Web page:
The program is for students in grade 3rd to 12th.
Campers will learn to play traditional Japanese instruments from professional musicians, experience Japanese culture, and participate in fun craft activities. Dr. Amato will lead the basic koto workshops, teaching the students how to use tsume (finger picks), how to read Japanese musical notation and how to execute basic koto performance techniques through simple compositions. Members of the local Fushu Daiko Taiko group will teach the basics of traditional Japanese drumming. There will be one special introduction class to shakuhachi (bamboo flute) by professional musician Kyle Kamal Helou.
About Morikami’s Japanese Traditional Music Program
The Morikami Museum and Japanese Gardens established a yearly Japanese traditional music education program in 2017 aimed at the general public and school children. This groundbreaking program includes hands-on workshops and a youth music camp.
Program content includes practical instruction on the Japanese shakuhachi and the 13-string koto for both children (grades 3-12) and adults. In addition, the program will feature special classes on Japanese music theory and history, culture, and an introduction to Japanese traditional arts.
Led by Dr. Joseph Gashō Amato, coordinator of the program and koto teacher, the faculty also includes shakuhachi performer Kyle Kamal Helou and Morikami Education Staff. The Japanese Traditional Music Program is proudly supported through special grants received from the Toshiba International Foundation, Japan Foundation, JM Family Enterprises, Inc. and the Morikami Wisdom Ring Members.
- 1-Week Session: 9:00am – 4:00pm
- June 21 – June 25, 2021
- $250 per student
- For grades 3rd – 12th
- Throughout the Morikami Museum & Gardens
- Instruments and sheet music will be provided for participants to use in the class.
- *Recommended companion Koto instructional book available for $35 from instructor Joseph Amato.
Campers will be immersed in Japanese culture participating in fun craft activities, Japanese cultural arts and exciting music classes which include the 13-string koto (zither) and taiko drums, taught by professional musicians, Joseph Amato, Kyle Kamal Helou and members from the Fushu Daiko Taiko group. All materials and Instruments that campers need are provided for their use at camp. The program will allow students to have both practical and knowledge-based (theoretical/ historical) classes all while having fun learning.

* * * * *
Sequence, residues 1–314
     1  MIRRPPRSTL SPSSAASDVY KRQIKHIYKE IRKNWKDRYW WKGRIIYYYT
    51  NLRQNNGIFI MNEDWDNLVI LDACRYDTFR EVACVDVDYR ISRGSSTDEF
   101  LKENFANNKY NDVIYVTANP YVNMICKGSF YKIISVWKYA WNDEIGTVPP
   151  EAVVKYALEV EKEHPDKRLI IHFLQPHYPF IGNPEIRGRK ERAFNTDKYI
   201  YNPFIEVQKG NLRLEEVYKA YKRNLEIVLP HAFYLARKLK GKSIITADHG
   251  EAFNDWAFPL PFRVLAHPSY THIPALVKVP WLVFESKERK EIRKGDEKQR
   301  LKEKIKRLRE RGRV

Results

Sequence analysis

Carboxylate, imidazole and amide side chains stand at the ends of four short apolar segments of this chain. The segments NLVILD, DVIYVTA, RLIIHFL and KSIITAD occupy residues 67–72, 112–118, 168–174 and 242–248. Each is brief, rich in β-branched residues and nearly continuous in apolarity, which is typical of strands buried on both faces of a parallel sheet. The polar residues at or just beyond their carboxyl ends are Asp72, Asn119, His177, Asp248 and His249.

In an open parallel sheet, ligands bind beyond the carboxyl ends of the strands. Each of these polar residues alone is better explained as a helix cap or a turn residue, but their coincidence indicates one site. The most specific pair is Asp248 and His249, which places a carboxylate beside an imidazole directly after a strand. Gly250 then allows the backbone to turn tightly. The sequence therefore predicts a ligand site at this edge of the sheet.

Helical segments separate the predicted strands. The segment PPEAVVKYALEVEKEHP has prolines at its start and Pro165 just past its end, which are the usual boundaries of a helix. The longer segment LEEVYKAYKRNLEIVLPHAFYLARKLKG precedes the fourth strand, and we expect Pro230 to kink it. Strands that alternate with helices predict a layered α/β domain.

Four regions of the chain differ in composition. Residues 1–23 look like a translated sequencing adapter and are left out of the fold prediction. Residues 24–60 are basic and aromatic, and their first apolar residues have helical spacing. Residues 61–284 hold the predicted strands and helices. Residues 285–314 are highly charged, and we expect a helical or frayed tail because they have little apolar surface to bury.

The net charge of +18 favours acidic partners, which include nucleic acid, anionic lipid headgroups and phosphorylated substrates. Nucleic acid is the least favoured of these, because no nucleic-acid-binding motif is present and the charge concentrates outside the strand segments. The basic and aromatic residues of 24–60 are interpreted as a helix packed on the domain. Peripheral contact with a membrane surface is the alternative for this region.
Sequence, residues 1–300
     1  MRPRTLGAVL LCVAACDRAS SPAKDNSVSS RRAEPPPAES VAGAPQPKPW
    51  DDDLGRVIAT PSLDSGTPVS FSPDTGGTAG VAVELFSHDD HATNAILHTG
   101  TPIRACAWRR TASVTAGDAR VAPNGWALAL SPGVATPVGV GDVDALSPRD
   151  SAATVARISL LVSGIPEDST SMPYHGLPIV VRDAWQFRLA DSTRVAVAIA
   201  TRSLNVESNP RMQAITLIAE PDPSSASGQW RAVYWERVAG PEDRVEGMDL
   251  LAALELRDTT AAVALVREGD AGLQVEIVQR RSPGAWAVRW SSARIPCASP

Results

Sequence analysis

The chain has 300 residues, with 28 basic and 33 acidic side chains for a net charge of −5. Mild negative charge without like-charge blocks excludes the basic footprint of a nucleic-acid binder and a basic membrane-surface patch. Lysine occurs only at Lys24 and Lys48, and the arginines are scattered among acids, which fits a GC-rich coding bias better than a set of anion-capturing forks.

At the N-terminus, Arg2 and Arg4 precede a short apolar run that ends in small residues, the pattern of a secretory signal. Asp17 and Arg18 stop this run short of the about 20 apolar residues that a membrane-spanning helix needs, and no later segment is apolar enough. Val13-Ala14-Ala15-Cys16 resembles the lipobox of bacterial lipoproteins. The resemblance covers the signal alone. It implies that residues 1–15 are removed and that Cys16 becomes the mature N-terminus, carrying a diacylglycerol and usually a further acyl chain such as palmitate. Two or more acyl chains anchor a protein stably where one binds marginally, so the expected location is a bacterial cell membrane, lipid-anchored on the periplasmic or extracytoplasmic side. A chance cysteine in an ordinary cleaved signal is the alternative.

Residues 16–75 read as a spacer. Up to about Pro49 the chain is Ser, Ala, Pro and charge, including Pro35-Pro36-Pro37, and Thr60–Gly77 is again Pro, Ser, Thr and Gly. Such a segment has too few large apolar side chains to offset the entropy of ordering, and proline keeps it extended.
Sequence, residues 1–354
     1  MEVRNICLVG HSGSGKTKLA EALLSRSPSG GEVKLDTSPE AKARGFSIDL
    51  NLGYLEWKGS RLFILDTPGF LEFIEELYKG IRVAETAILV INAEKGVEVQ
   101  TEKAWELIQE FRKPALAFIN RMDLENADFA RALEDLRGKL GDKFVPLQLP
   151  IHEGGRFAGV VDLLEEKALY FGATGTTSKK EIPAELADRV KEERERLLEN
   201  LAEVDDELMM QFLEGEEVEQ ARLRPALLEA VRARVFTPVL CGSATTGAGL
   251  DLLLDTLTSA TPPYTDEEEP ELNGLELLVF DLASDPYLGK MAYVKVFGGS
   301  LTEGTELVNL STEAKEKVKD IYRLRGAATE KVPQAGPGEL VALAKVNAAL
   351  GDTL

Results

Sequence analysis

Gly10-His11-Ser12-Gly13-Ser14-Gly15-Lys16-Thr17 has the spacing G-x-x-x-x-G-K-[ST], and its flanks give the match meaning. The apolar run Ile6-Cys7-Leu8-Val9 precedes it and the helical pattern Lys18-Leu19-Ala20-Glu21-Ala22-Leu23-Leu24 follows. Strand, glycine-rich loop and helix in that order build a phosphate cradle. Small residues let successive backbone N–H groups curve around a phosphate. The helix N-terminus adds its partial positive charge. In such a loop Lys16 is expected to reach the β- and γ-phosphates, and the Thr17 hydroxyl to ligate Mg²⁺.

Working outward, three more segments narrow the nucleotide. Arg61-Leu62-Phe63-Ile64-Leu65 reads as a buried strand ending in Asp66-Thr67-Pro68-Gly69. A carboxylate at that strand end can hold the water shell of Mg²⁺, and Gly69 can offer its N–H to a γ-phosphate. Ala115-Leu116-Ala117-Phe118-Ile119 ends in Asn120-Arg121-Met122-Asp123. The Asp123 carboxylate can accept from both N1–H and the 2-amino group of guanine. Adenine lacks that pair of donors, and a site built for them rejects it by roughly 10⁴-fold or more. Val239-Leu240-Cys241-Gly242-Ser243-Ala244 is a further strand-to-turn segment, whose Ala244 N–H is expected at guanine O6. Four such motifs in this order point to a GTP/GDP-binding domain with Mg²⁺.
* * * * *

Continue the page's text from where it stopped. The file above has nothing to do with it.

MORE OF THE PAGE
The curriculum will allow students to have both practical and knowledge-based (theoretical/historical) classes. The knowledge-based component is a Japanese culture class, with topics that include the following:
- Introduction to Japanese language and culture
- Introduction to the history of Japanese traditional music
- Learn from special teaching artists about a Japanese cultural art
- Learn about our exhibits and gardens
- Create a variety of Japanese craft projects
- And having fun!
Campers will learn to play traditional Japanese instruments from professional musicians, experience Japanese culture, and participate in fun craft activities. Dr. Amato will lead the basic koto workshops, teaching the students how to use tsume (finger picks), how to read Japanese musical notation and how to execute basic koto performance techniques through simple compositions. Members of the local Fushu Daiko Taiko group will teach the basics of traditional Japanese drumming.